Judge rejects lawsuit challenging Maryland ban on conversion therapy

Judge rejects lawsuit challenging Maryland ban on conversion therapy
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A federal judge has reportedly thrown out a lawsuit challenging Maryland’s statewide ban on gay conversion therapy for minors.

U.S. District Judge Deborah Chasanow on Friday dismissed a claim from Christopher Doyle — a mental health therapist at Patrick Henry College in Virginia and the executive director of the Institute for Healthy Families — who argued that the ban violates his First Amendment rights, NBC News reports.

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Chasanow, appointed by former President Clinton, argued that banning gay conversion therapy doesn’t bar therapists from being able to express their own views with their clients, and that the ban is justified due to ample research and evidence proving conversion therapy's harmful effects on young people.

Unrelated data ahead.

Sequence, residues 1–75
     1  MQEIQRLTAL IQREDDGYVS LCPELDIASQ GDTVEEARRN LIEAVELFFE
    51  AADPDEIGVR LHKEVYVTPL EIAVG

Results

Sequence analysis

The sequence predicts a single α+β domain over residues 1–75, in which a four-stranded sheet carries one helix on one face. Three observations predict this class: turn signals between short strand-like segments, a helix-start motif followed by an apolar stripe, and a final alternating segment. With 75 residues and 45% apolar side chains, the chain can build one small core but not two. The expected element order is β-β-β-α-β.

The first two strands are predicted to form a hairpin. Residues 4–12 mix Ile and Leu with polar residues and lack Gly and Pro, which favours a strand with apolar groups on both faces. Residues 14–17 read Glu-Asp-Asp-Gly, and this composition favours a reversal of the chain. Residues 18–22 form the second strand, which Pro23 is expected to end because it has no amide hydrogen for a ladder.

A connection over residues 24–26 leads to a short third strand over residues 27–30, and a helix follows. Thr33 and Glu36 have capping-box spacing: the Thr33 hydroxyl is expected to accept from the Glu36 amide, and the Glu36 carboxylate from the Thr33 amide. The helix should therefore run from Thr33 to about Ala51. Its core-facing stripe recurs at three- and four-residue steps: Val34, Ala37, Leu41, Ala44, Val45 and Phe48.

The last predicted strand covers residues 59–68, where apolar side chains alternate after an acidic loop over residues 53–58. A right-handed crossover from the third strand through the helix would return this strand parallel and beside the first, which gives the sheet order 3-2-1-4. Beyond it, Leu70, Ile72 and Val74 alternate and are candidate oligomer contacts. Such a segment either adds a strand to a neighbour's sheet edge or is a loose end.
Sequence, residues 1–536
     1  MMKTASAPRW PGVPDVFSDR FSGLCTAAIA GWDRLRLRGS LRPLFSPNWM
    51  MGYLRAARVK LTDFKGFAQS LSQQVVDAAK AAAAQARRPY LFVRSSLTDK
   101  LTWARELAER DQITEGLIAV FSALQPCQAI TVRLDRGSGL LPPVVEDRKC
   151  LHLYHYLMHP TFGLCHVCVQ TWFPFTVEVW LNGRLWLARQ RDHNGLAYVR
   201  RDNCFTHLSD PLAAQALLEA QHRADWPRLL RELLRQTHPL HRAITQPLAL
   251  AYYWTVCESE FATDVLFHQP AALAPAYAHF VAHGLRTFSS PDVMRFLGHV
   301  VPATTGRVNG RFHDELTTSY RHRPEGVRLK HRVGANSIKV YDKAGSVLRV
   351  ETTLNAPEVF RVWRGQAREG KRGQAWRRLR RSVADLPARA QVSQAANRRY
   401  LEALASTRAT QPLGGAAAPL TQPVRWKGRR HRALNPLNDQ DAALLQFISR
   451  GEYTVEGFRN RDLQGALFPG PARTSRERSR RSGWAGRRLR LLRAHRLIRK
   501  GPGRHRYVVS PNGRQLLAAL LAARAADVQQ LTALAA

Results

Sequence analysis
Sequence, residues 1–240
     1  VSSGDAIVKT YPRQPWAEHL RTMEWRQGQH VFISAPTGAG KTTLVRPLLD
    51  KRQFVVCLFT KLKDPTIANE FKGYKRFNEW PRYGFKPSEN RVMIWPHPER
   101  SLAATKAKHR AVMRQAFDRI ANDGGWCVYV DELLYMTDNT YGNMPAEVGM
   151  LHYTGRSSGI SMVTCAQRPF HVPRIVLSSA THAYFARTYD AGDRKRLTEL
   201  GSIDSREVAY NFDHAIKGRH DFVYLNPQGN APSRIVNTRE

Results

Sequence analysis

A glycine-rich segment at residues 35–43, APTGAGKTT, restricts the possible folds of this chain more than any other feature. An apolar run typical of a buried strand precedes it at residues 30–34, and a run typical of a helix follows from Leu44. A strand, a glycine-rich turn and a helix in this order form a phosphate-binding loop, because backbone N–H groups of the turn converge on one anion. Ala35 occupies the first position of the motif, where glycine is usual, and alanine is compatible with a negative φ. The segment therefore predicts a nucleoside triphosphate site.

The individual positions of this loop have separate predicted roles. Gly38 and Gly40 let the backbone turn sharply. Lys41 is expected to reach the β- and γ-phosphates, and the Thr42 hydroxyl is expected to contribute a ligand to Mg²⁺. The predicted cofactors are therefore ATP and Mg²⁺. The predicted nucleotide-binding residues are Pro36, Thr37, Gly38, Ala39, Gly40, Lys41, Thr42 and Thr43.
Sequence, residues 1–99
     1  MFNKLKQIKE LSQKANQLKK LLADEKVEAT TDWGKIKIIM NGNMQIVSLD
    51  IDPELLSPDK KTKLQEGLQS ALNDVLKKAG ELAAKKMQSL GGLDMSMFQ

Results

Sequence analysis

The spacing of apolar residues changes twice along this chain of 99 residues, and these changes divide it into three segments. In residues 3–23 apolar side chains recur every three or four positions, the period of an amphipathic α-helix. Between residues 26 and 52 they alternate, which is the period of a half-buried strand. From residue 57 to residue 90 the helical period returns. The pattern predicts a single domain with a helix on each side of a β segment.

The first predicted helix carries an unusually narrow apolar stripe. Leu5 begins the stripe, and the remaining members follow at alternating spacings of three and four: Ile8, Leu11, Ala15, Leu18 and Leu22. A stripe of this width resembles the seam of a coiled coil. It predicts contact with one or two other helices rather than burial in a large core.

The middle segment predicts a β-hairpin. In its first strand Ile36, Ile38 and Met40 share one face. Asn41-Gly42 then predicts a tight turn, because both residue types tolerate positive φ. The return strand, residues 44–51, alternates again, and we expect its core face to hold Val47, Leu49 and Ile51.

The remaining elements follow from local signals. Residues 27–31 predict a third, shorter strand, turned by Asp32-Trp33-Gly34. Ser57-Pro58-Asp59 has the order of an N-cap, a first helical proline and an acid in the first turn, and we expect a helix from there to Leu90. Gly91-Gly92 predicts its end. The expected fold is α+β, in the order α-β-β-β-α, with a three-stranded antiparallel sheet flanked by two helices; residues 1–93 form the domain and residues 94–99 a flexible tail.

“These sources indicate that conducting conversion therapy on minors could potentially harm their emotional and physical well-being and, thus, prohibiting the practice of conversion therapy on minors would abate the harmful outcomes caused by conversion therapy,” she said.

Doyle filed the lawsuit in January, naming Gov. Larry Hogan (R) and State Attorney Brian Frosh as defendants.

One of his attorneys, from a Christian legal advocacy group based on Florida, said Monday they will appeal the ruling.

Hogan in May 2018 signed into law the statewide ban on gay conversion therapy for minors, making Maryland the 11th state to institute such a ban.

The law took effect in October.